What is QAB in Baseball?

Quality at Bats (QAB) is a statistic used to determine a hitter's offensive value for his team.
Written by Mark Bailey
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The term QAB, or ‘Quality at Bats’, is a statistic used to determine a hitter’s offensive value for his team. A ‘Quality at Bat’ is any plate appearance that results in a positive outcome. This does not necessarily mean that a player reaches a base. To determine a ‘QAB Percentage’, the number of ‘Quality at Bats’ is divided by a batters total plate appearances. This article will go in depth about this baseball statistic. 

How important are Quality at Bats?

Quality at bats are the most important aspect of a team’s offense. A team cannot win unless their offense has consistent QAB’s. A team having players that excel at batting is one of the most important factors in a team’s ability to win. 

Examples of Quality at Bats

There are many different types of quality at bats. Here are a few examples.

Pitcher throws more than six pitches without a strikeout

The first example of a QAB is when a pitcher throws more than six pitches without striking out the batter. This QAB shows coaches that a batter can survive a plate appearance without striking out. If many batters achieve this, the pitch count will rise making a pitching change more likely. A batter can flyout or groundout after six pitches and still achieve a QAB. If a batter strikes out before nine pitches the plate appearance is not considered a QAB. 

Pitcher throws more than nine pitches

For this QAB, a batter does not need to reach a base. A pitcher throwing nine or more pitches in a plate appearance raises the pitch count significantly. Once a pitcher throws nine pitches without a strikeout, a batter can flyout, groundout, base hit or strikeout and the plate appearance will be a QAB. 

Ball is hit hard

This QAB only requires that a batter makes solid contact with a pitch. It can occur during any pitch in a plate appearance, and the batter does not need to hit. Solid contact does not have a specific definition. It requires that the ball is hit in its center and has a high velocity from the point of contact. A fast line drive into a center fielder’s glove is a hard hit ball. A soft flyball into the infield is not. Hard hit balls show the coaching staff that the batter can make strong offensive plays.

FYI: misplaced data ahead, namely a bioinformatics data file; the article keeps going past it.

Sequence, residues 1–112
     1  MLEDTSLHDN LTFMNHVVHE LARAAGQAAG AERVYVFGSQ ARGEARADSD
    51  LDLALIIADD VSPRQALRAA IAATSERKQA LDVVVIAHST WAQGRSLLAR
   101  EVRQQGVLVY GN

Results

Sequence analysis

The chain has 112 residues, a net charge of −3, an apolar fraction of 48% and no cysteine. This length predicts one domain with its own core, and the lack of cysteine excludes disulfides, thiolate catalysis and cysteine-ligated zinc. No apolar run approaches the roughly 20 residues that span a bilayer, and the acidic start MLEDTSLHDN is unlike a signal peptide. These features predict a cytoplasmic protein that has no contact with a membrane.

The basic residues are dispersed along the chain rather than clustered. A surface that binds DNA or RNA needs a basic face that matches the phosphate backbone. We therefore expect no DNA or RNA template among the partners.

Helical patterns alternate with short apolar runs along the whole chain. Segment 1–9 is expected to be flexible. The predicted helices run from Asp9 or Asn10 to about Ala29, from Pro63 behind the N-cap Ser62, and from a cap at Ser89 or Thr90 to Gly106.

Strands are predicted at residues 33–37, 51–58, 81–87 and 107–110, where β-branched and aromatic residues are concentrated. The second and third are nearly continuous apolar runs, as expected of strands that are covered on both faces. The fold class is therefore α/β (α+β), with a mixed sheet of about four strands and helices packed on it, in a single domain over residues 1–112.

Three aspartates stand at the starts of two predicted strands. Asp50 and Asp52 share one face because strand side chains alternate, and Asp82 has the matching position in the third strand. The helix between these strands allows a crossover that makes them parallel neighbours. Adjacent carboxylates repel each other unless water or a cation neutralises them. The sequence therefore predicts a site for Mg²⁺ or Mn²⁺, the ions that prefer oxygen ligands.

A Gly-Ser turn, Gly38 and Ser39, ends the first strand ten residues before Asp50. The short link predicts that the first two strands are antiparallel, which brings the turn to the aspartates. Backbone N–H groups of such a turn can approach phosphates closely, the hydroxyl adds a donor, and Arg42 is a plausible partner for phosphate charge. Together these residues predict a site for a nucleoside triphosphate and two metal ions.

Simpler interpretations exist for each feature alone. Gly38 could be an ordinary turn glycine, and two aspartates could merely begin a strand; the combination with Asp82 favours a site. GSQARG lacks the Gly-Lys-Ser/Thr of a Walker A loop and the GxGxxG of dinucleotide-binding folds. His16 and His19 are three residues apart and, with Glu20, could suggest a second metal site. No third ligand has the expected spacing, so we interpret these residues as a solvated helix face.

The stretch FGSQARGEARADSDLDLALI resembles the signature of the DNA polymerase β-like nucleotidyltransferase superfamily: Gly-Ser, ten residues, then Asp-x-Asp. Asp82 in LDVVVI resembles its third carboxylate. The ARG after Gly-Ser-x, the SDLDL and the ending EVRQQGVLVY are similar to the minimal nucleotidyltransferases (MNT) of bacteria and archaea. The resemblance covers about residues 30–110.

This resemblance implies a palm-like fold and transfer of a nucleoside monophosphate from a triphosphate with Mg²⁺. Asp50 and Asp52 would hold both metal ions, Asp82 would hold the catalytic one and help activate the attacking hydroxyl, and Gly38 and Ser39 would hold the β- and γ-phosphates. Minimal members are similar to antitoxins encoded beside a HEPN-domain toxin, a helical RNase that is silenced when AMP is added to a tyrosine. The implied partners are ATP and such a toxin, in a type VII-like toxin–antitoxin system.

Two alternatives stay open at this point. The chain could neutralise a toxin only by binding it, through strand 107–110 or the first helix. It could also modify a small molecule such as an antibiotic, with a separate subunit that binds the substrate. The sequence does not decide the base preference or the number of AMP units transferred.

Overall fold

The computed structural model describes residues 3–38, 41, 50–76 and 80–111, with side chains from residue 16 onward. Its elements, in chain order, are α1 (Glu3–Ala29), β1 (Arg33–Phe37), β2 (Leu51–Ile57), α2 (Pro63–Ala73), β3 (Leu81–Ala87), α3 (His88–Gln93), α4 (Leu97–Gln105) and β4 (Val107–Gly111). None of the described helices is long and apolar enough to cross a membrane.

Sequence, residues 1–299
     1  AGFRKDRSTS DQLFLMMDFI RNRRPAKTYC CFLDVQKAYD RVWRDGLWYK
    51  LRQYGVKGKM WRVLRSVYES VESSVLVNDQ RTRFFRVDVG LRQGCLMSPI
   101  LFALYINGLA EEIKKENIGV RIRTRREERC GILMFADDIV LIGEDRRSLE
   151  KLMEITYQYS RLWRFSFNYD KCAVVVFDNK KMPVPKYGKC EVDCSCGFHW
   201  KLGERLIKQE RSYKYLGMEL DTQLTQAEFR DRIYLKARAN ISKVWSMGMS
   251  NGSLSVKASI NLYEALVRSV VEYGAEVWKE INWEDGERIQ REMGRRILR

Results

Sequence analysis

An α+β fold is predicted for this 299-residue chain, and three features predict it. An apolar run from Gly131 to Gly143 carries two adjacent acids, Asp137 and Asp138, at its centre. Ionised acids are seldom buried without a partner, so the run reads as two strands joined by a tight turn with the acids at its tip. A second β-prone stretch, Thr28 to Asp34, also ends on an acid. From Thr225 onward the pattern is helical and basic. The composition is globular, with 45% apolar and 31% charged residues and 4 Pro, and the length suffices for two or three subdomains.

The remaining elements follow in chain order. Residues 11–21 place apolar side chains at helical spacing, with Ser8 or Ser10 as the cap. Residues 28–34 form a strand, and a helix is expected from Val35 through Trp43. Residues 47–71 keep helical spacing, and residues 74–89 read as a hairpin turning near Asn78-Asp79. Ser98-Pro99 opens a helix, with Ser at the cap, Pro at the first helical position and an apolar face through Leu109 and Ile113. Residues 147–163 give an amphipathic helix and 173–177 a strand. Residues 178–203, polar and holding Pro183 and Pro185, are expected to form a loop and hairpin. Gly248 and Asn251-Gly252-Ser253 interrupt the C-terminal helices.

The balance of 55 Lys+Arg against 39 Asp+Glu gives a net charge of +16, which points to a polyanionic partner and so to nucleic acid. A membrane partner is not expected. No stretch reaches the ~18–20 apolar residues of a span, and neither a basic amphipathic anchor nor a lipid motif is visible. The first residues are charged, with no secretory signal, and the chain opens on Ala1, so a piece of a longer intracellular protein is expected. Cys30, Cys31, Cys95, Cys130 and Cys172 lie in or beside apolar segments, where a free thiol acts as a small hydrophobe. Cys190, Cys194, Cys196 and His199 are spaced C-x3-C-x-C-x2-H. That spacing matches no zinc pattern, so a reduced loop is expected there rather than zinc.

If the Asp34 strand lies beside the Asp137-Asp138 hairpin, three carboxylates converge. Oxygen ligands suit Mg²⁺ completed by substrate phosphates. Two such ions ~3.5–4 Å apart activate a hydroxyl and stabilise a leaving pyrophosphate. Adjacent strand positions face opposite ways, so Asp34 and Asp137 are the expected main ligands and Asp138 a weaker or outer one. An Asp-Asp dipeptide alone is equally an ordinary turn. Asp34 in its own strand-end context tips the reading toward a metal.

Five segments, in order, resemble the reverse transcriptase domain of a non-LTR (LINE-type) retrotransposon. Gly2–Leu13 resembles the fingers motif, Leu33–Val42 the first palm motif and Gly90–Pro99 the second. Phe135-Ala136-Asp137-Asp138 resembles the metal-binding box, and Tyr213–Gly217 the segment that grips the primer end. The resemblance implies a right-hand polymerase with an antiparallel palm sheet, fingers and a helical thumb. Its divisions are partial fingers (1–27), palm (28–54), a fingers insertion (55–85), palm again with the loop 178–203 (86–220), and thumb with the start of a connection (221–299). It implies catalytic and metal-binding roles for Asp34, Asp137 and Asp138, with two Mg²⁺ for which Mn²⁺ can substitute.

Plate appearance results in a walk

This QAB is easy to understand. Any time a player walks from a plate appearance, it is a QAB. A batter reaching base in any way is valuable for a team’s offense. A player can walk from four balls or by being intentionally walked. When a player walks a pitcher’s pitch count increases, providing value for the team.

Plate appearance results in hit by pitch 

When a player gets hit by a pitch (HBP) in baseball, the plate appearance automatically results in a walk. This is a QAB because as mentioned prior getting on base in any capacity is valuable to a team’s offense. Hitting batters with pitches is a negative stat for pitchers. Hitting too many batters with pitches can result in a pitchers ejection. 

Runner is moved into scoring position

This QAB means that as a result of a plate appearance a runner already on base moves into scoring position. ‘Scoring position’ in baseball is either second or third base. A batter can get out or reach a base as long as a runner reaches scoring position and the inning does not end. 

Batter gets an RBI

An RBI in baseball is a ‘run batted in’. For this QAB, a batter aids a runner in scoring during his plate appearance. RBI’s are valuable to a team’s offense and ranked every season. 

Run scores from a sacrifice fly

A sacrifice fly in baseball is when a batter intentionally hits a flyball so a runner can earn his team a run. This is a QAB as well as an RBI. For a sacrifice fly, a batter does not need to be retired if the batter reaches base from an error. 

Baserunner advances from a sacrifice bunt

A sacrifice bunt in baseball is when a batter bunts to advance a runner into scoring position. Like a sacrifice fly, a sacrifice bunt does not need to have the batter retired if he reaches base on an error. If the batter reaches base without an error the plate appearance is a hit. 

Batter ‘battles back’ after receiving two strikes in the count

In baseball, ‘battling back’ means that a batter is not retired after receiving an 0-2 count. This demonstrates a batters composure and effort in a plate appearance. If a batter is retired after battling back, this can still be a QAB because the batter had a good performance despite having a disadvantage

Batter gets a base hit

This QAB is the easiest to understand. If a player gets a base hit, meaning that during a plate appearance the batter gets on base from a hit, a QAB is registered. 

What is a good QAB percentage and how is it calculated?

A players QAB percentage is calculated by taking a players QAB’s and dividing it by the players total plate appearances. For MLB players, a good QAB percentage is anywhere from 50-60% and above. For youth, high school and college players, a QAB percentage above 40% may still be considered good.  

The QAB percentage in baseball is a useful statistic for determining a batters offensive value. Because many different situations are analyzed, it can be more useful than a batting average as a way to understand a player’s value.